Dan Schneider speaks to students about drug addiction

Members+of+Tri+Sigma+pose+during+the+Mocktails+event.+Dan+Schneider%2C+an+activist+and+retired+pharmacist%2C+also+presented+at+the+event.+

Ian Stewart

Members of Tri Sigma pose during the Mocktails event. Dan Schneider, an activist and retired pharmacist, also presented at the event.

On Nov. 12, Dan Schneider, an activist and retired pharmacist, came to SLU to educate on drug addiction and the opioid epidemic.

Schneider, who appeared on the Netflix documentary “The Pharmacist” appeared as a guest to speak to students as a part of the Mocktails event in the Student Union Ballroom. 

Schneider began his goal as an activist after his son, Danny, was killed while trying to buy crack on April 14, 1999. After receiving this news, Schneider started to search for the person who killed Danny. Later on, he begins to challenge the opioid crisis in medicine, along with drug abuse. 

“At the time, the crack epidemic was starting to recede and what really picked up were the opioids and young kids were coming into my pharmacy with high power opioids and were dying. It was a different group of people; not regular drug addicts, but young kids that were taking pills,” Schneider said.

The lecture in the ballroom was followed by a cocktail tabling underneath the breezeway by the Student Union. The theme for the tabling event was “What’s Your Potion?” and campus organizations, fraternities and sororities joined in with twisted fairytale booths serving themed drinks. 

For some students, including junior Laken Goldsby, going to the lecture was a personal and emotional experience. “I’m honestly really happy that we got this opportunity to be here because this story personally touched me because I lost someone to a Fentanyl overdose and I had to hold back tears a lot during this,” Goldsby said.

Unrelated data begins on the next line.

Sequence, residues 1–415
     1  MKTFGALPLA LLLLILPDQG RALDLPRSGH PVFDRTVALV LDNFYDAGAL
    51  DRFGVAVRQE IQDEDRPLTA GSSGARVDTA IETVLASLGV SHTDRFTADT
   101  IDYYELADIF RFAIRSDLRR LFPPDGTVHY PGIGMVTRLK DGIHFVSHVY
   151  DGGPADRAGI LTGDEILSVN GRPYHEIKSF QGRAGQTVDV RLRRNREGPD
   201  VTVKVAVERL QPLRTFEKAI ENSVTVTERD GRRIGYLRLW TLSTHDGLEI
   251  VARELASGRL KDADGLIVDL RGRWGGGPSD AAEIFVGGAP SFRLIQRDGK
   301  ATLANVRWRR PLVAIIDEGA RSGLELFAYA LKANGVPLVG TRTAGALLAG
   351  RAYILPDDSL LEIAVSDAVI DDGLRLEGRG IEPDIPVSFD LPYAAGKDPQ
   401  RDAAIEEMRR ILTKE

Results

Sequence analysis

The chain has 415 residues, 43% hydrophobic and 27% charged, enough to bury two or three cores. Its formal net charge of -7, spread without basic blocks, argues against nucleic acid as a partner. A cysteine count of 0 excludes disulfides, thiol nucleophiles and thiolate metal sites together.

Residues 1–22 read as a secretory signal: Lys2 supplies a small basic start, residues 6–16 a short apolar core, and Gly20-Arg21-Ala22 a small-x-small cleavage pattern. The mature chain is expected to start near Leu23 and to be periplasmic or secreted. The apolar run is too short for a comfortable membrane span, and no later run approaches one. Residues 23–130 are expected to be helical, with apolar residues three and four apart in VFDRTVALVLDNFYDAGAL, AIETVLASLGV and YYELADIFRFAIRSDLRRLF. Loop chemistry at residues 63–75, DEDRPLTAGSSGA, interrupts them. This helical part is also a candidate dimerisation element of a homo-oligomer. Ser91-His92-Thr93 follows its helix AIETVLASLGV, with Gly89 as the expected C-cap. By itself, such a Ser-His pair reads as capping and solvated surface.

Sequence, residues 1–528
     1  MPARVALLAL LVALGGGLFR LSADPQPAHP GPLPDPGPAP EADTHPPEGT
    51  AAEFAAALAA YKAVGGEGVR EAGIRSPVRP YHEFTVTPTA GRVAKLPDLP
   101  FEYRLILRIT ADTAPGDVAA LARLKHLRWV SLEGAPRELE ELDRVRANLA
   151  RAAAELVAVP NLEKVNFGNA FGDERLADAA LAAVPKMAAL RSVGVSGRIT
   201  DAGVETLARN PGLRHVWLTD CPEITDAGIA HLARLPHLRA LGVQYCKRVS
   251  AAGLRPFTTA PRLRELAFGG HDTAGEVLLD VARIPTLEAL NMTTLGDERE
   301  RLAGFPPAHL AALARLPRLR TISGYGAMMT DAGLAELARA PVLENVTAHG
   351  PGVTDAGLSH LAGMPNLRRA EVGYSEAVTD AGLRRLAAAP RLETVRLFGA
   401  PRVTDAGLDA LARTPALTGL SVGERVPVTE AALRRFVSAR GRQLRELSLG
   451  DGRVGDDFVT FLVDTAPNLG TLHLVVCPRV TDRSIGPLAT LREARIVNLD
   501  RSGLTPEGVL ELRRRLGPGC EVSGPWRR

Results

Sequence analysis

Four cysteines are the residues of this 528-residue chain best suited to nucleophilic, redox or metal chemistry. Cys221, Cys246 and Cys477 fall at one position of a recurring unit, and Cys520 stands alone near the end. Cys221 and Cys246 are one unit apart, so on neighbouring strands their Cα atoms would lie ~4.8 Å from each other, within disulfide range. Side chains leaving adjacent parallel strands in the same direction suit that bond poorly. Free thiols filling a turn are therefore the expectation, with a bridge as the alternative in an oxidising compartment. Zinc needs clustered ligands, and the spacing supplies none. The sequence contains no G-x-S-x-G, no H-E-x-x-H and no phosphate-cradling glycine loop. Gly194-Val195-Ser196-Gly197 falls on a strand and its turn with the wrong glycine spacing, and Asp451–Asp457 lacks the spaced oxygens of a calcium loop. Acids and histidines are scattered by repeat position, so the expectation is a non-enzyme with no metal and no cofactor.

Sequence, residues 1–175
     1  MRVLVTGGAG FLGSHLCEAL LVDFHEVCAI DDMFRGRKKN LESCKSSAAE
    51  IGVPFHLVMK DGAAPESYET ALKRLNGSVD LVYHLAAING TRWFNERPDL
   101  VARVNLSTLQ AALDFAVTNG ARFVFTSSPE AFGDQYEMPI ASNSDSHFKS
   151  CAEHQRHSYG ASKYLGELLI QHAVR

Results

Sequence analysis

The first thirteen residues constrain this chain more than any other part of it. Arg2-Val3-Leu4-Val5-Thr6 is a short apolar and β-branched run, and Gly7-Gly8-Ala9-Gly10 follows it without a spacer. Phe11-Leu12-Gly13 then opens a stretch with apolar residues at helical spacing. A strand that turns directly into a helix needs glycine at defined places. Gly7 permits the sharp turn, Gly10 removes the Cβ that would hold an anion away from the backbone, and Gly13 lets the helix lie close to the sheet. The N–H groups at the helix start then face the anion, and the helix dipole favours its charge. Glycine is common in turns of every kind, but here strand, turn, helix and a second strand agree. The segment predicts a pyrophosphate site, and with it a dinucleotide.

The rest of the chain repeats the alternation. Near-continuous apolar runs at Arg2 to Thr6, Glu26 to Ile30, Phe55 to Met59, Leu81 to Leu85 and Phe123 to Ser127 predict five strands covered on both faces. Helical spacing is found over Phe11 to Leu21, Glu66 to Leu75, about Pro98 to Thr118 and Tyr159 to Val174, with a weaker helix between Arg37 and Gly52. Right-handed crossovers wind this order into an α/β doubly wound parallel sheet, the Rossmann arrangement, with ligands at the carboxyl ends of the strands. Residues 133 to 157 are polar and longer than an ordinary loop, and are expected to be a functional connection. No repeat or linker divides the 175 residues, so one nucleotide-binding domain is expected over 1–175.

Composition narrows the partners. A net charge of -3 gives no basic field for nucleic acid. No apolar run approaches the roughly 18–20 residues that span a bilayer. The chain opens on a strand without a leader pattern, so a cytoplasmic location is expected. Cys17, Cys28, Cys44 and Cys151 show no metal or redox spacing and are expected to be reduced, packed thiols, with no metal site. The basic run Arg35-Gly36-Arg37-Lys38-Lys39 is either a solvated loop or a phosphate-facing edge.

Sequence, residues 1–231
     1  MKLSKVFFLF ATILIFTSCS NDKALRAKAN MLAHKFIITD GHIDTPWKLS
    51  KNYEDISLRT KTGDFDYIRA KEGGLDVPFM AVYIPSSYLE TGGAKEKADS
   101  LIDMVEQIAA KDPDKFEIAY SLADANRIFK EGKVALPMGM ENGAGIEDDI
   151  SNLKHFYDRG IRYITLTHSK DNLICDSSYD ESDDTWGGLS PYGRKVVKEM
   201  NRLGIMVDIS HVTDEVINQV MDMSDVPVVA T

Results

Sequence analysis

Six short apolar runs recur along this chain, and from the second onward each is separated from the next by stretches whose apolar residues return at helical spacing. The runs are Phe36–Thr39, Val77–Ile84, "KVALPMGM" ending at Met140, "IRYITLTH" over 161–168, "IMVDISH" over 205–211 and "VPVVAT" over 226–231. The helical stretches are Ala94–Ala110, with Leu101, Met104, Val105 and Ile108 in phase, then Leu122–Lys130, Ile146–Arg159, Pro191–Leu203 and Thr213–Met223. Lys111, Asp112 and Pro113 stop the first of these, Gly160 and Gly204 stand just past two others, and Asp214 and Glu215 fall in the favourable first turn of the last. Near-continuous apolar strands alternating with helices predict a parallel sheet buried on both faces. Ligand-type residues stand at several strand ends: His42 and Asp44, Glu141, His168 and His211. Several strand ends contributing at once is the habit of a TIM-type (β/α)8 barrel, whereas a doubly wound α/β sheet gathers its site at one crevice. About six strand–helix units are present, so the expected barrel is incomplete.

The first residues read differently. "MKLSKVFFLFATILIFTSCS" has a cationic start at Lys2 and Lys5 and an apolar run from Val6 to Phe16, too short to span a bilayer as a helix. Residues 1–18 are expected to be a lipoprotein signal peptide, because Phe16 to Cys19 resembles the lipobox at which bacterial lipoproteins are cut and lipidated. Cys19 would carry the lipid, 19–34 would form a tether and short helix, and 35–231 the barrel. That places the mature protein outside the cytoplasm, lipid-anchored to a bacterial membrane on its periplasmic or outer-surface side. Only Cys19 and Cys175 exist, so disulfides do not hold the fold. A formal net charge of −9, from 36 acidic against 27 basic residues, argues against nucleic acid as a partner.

After the lecture, Brad Peterson, a paramedic and Alesia Ballek Wahl, a professional counselor for the Volunteers of America’s Northshore Opioid Mobile Response Team, came to the lecture and provided services, contact information and boxes of Narcan spray for anyone who was interested. 

“We have a fully new team that is very motivated and passionate about helping people, so our ability to help and get out to the community has drastically improved. We have been able to help triple the number of people in the past few months than in the past year,” Wahl said. 

This event helped to both educate the community in preventing any more deaths, as well as entertain with creatively themed drinks. If you or anyone you know is struggling with addiction and is seeking help, you can contact OMRT by calling 800-844-4925 or emailing at [email protected]